It has become clear that without pikelets, we would be lost. They may be small, and innocuous, but they are the shield against the storm, around here.
So you’ve worked all day and it’s now time to magically and quickly fabricate a wholesome dinner for 6 out of carrots, potatoes and carrots. So soup it is. But with soup there must be bread. Ah, yes. I didn’t quite make any, again. Oops. Aha. Pikelets.
A little while ago a group of local gardeners came to check out Milkwood Farm. As one lady, who’d lived out in the central west all her days said as she got out of the car:
“Wow, you’re really far out of town. You must be pikelet people, yeah?”
It took me a while to get her drift but she was right. We are pikelet people. Pikelet, pakora and pancake people, to be precise.
One of the things I love about choosing to minimise consumption from the supermarket is that it makes you more creative when it comes to feeding yourself, and encourages you to prioritise growing amazing food.
What we don’t grow, we buy in bulk – the flour, the grains, the pulses, the nuts.
The main items on our shopping list in town now are things like milk, pasta (yes I know I should be making that too), matches, butter.
Oh and frozen berries. Hey, he’s 4 years old, and I want him to eat the whole bowl of breakfast so we don’t have a ‘I’m sooooooo hunnnnngry’ melt-down at 9am.
The point I’m coming to is that we try not to buy bread. We make it. Home made bread is the best. I personally am a big fan of the New York no-knead bread side of things (i’m not much of a kneader) but for others at Milkwood, sourdough reigns supreme (and it does with me also, when all I have to do is eat it).
So there’s no secret loaf in the cupboard, and there’s no ‘i’ll just pop out and get some’ bread action when we run out. We’re 45 minutes drive from the closest shop, so that hits that one on the head.
Enter the blessed pikelet. It might just be flour, milk, egg and oil, but it has saved many hungry souls around here.
Pikelets take about 5 minutes to mix up and then you’re pouring them into the pan before you know it. They come out warm and fluffy and they chink the cracks and soak up the soup.
And if we’re talking fresh organic flour, todays egg and our olive oil, they’re probably far nutritionally superior to anything I would buy at the shops, even if I could.
Chickens not laying? No eggs about? Have you run out of milk? Fear not. The pakora is what you’re after.
Pakoras might be even better than pikelets in many ways. As long as you ensure a good supply of besan (chickpea) flower is in the pantry, you are set – anytime, anywhere.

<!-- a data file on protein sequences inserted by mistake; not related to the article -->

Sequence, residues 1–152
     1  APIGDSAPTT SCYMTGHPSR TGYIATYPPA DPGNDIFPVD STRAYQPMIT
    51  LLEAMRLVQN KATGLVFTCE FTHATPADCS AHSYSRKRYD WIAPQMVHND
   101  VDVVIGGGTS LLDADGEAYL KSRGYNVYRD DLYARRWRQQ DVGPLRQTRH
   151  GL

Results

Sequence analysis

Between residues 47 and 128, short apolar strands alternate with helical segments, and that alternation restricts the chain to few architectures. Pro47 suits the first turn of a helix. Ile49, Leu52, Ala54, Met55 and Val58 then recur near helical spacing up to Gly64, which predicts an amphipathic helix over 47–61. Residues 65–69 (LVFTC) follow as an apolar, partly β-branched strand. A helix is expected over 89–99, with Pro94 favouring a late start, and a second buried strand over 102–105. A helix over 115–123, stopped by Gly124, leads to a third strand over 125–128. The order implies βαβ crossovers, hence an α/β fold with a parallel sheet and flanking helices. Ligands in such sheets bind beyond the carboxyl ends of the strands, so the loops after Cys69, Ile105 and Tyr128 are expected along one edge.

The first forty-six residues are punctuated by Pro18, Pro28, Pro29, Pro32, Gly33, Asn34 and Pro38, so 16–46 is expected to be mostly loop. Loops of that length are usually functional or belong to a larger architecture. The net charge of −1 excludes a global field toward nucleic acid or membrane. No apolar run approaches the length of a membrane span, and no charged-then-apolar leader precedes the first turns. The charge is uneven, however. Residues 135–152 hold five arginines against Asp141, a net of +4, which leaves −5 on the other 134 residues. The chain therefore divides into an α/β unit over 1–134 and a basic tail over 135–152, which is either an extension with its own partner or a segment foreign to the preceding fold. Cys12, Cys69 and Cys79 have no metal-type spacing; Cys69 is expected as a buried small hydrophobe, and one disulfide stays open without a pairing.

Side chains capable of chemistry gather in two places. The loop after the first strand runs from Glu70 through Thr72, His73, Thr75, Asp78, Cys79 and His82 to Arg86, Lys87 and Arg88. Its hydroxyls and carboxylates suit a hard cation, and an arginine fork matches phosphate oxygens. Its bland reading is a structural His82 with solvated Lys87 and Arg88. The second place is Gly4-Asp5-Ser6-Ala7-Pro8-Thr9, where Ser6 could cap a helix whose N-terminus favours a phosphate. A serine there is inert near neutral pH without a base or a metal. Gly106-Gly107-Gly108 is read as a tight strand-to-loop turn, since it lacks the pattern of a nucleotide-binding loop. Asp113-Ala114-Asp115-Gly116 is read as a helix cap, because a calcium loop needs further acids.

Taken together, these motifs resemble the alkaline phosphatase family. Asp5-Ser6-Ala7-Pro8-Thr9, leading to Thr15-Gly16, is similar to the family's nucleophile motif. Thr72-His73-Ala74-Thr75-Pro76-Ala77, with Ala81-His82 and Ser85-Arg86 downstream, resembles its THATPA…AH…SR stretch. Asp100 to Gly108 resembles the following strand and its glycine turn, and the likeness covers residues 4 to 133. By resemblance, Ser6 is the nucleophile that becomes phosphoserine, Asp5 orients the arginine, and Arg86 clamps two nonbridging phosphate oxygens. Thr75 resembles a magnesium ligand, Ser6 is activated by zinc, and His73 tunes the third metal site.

We make pakoras with a large bowl of grated vegetables (carrot and potato, at this time of year) and maybe one handful of besan flour to every two handfuls of grated veggies.
Mix it all up with your hands, add whatever spices and seasonings you like, and add very small amounts of water until you have a mix like mud and straw cobb (or, if you are not a cobber, till it’s all sticking together nicely, but not too wet).
Then fry table-spoon lumps in your frypan in plenty of oil, on low. They come out like fritters, but with a certain meatiness to them, which goes perfectly with soup, or in lunchboxes.
Given that I can get both my father and my son to eat pakoras in quantity (both of whom have, shall we say, strong views relating to foodstuffs that do not fit within their particular spectrum of acceptability), I say pakoras are a winner.
And then there’s the pancake. Which I’m sure you know all about. We like pancakes, they make Sunday mornings roll around here.
Don’t get me wrong – I don’t think running out of bread is that big a deal – there’s always plenty else to eat, and we know how lucky we are to have what we have. But you know that evening when you’re knackered and trying to get everyone fed pronto?
One of the things I’m coming around to living like we do now is that the slow, handmade life is all very well until you hit one of those evenings.
It’s your turn to cook. You want to get the kid to bed within an hour or so. You did not spend all day preparing slow-cooked wonderment for everyone. You are tired and you have been working very hard and this is the point when, previous to living out on the Farm, you would make the call: we are getting takeaway tonight.
But there is no takeaway and there isn’t even any takeaway leftovers in the fridge. There is no leftovers at all. Your kitchen is bursting with wonderful preserves and wholesome wholefoods, most of which will take a moderate amount of time to transform into a nourishing meal.
The garlic is braided, the carrots are outside in a sack, the forest garden is full of herbs and you know if you could just get your head together you could whip up something zesty and tasty and new and amazing and fresh and funky and you’d all be eating in an hour, glasses of local wine being poured across a table so full of the colours and smells and spices of fresh farm food. Oh huzzah the simple life.
But you can’t think straight right now and all you know is that there are lots of carrots, and that you need to start the fire, and that you are tired. And that 5 adults and one kiddo will all tromp in and sit down for dinner in one hour. And you do remember how to make soup, at least.
Which is why the pikelet and its friends are really and truly a lynchpin of simple living. Because they provide fundamental solutions to evenings like these, without anyone getting hurt.
So pour the wine, and raise a glass to the pikelet. I love you, simple living. Thanks for teaching me tenacity, and to respect the small things in life…
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